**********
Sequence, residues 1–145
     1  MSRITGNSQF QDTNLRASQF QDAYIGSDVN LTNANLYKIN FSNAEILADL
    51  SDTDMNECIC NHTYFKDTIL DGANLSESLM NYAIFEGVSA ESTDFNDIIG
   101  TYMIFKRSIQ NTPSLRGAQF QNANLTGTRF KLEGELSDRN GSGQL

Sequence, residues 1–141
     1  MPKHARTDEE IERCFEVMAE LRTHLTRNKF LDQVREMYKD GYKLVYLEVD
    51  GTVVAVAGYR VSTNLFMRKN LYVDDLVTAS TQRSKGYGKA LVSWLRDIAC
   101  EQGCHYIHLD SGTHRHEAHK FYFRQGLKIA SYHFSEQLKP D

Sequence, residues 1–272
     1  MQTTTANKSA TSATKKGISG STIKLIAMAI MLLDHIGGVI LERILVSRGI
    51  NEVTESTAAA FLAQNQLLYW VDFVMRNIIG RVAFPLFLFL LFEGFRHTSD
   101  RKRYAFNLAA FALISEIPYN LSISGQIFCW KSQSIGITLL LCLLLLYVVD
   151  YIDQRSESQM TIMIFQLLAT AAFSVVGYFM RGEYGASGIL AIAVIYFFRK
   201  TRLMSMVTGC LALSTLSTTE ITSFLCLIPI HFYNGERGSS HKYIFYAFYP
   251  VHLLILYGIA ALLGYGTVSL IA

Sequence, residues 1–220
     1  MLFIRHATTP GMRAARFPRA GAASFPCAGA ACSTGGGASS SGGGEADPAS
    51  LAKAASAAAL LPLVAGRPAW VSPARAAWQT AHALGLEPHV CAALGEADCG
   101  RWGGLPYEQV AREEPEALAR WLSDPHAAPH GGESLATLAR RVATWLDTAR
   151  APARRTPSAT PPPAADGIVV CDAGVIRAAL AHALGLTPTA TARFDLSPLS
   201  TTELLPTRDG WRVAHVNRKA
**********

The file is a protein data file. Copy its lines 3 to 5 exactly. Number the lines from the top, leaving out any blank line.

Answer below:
    51  SDTDMNECIC NHTYFKDTIL DGANLSESLM NYAIFEGVSA ESTDFNDIIG
   101  TYMIFKRSIQ NTPSLRGAQF QNANLTGTRF KLEGELSDRN GSGQL

Sequence, residues 1–141